Steel Factory China
A worker cuts steel bars at a steel plant in Ganyu, Jiangsu province, China. Reuters

Factory output across Asia expanded in June following months of decline in its two largest economies: China and Japan, manufacturing surveys showed.

However, the new export indexes which estimate the strength of overseas demand, showed moderate growth, suggesting the region has yet to benefit from an uneven eurozone recovery and the delayed revival in the US economy, Asia's major export market.

China and Japan

China's final HSBC/Markit purchasing managers' index (PMI) rose to 50.7 in June from 49.4 in May, slightly below the preliminary reading, but logging its first expansion in six months.

China's official gauge, which is skewed more towards larger state-owned firms, hit a six-month high of 51.0.

The surveys showed Chinese export orders growing marginally.

In Japan, central bank and purchasing managers' surveys highlighted improving manufacturing activity amid lacklustre export performance.

The Bank of Japan's business optimism gauge dipped in the second-quarter, but companies expressed optimism about the future, declaring willingness to increase capital investment and output.

The Markit/JMMA PMI for June came in at 51.5, above the preliminary reading of 51.1 and topping the 50-point mark for the first time in three months.

India, Indonesia and South Korea

In India, the continent's third-largest economy, the manufacturing gauge rose to a four-month high primarily because of improved overseas demand.

The seasonally adjusted HSBC PMI rose marginally to 51.5, from 51.4 in May. Operating conditions improved for the eighth month in succession, albeit modestly.

In Indonesia, Southeast Asia's largest economy, manufacturing activity improved at a solid pace on the strength of domestic demand that offset a dip in export orders.

The HSBC PMI, which rose to 52.7 from 52.4 in May, hit its highest reading since the survey began in April 2011.

South Korea, however, bucked the trend. Manufacturing activity in Asia's fourth-largest economy suffered due to disappointing exports.

The HSBC/Markit PMI slid to a seasonally adjusted 48.4 in June from 49.5 in May, its worst in 10 months.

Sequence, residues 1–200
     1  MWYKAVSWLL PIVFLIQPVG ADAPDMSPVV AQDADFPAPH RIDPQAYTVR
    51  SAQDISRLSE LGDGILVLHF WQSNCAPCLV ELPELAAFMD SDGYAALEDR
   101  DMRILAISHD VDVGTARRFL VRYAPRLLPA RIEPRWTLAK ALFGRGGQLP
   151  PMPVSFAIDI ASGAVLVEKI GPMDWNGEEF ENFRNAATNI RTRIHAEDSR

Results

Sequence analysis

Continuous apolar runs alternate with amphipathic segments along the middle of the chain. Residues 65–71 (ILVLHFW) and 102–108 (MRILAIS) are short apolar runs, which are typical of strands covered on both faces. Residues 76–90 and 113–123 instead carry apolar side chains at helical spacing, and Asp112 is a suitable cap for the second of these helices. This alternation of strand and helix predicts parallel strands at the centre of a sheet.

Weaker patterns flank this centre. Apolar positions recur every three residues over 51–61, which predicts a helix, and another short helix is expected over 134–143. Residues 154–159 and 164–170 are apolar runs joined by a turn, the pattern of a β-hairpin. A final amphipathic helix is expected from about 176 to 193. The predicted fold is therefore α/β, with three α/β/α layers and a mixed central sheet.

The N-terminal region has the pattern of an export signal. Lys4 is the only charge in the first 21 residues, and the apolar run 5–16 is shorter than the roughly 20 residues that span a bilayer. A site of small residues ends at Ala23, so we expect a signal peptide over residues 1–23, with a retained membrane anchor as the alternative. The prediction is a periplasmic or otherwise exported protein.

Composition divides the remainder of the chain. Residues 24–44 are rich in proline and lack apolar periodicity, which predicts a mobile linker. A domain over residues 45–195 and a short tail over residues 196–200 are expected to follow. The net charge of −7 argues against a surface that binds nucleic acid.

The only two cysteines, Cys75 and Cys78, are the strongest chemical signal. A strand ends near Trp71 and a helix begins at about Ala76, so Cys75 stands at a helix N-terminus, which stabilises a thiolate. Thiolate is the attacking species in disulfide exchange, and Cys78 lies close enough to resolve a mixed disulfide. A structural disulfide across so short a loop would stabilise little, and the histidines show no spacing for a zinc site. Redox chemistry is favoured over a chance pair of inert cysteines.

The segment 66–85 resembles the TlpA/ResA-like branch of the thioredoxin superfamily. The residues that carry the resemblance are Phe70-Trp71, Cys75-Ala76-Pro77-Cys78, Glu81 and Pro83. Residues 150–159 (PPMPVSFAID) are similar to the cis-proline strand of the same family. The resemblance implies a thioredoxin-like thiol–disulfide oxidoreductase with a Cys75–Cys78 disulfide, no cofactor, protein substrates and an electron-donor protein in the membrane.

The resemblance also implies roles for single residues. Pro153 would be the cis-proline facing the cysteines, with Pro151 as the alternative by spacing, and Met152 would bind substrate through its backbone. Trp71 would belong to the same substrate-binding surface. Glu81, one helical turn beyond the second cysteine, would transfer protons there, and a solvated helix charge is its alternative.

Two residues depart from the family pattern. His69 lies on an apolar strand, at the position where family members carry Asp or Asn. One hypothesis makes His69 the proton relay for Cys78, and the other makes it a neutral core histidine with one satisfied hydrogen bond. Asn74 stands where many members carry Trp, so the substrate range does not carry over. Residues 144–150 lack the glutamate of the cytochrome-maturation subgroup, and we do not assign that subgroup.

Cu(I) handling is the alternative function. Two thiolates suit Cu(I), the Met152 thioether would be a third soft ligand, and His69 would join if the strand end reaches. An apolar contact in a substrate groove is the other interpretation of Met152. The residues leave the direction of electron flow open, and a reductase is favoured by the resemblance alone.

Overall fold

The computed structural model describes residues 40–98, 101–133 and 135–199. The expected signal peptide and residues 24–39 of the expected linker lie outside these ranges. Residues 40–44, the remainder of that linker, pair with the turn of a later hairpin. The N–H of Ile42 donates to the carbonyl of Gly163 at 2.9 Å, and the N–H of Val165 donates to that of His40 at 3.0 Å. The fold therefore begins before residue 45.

Meanwhile, government data showed Korean exports rose 2.5% year-on-year in June, well below a 5.1% forecast in a Reuters poll.

China Recovering
China picture. Macrobond, Danske Bank Markets

Danske Bank said in a note to clients: "Developments in China's manufacturing PMIs suggest that GDP growth has accelerated in Q2 and will continue to accelerate moderately in Q3. We expect GDP growth to accelerate from 5.7% q/q ann. in Q1 to 7.4% q/q ann. in Q2 and 8.3% q/q ann. in Q3 and hence start to ease a bit as the impact from recent easing measures starts to fade.

"The implication is that the manufacturing PMIs will probably peak around 52 in late autumn."

UniCredit Research said in a note: "We stick to our assessment that the Chinese government will continue with its strategy of targeted and fine-tuned pro-growth measures in order to stabilize China's economy, i.e. trying to engineer GDP growth to come in at the 7½% target this year.

"However, we continue to doubt that the authorities can prevent a further slowdown in 2H14 (and beyond, in yoy terms). Nevertheless, the growth trajectory could be slightly above our current forecast, which is for 7% at the end of the year."

Societe Generale Cross Asset Research said in a note: "It seems likely the Japanese government will make sure Q3 real GDP growth will return to positive growth. In this context, the ¥5.5tn fiscal stimulus package in the FY2013 budget is now being executed.

Japan Public Construction Orders
Japan picture. Construction Surety, SG CAR/Economics

"In fact, according to the monthly survey on public orders received by the construction sector, the total value of contracts surged by 45.8% from March to end-May. This is the strongest increase since the 2000s before then-PM Koizumi slashed public investment. This may be the key reason why the SME lending attitude DI did not deteriorate in Q2."

"The total value of public construction orders is a leading indicator for the public investment component in GDP, in which both public investments in progress as well as those completed are included. This component is likely to push up the Q3 real GDP growth rate...the recovery in the US economy may provide support to Japanese exports in Q3...

"Looking ahead, Q3 GDP is most likely to return to a positive growth rate, supported mainly by public works," SocGen added.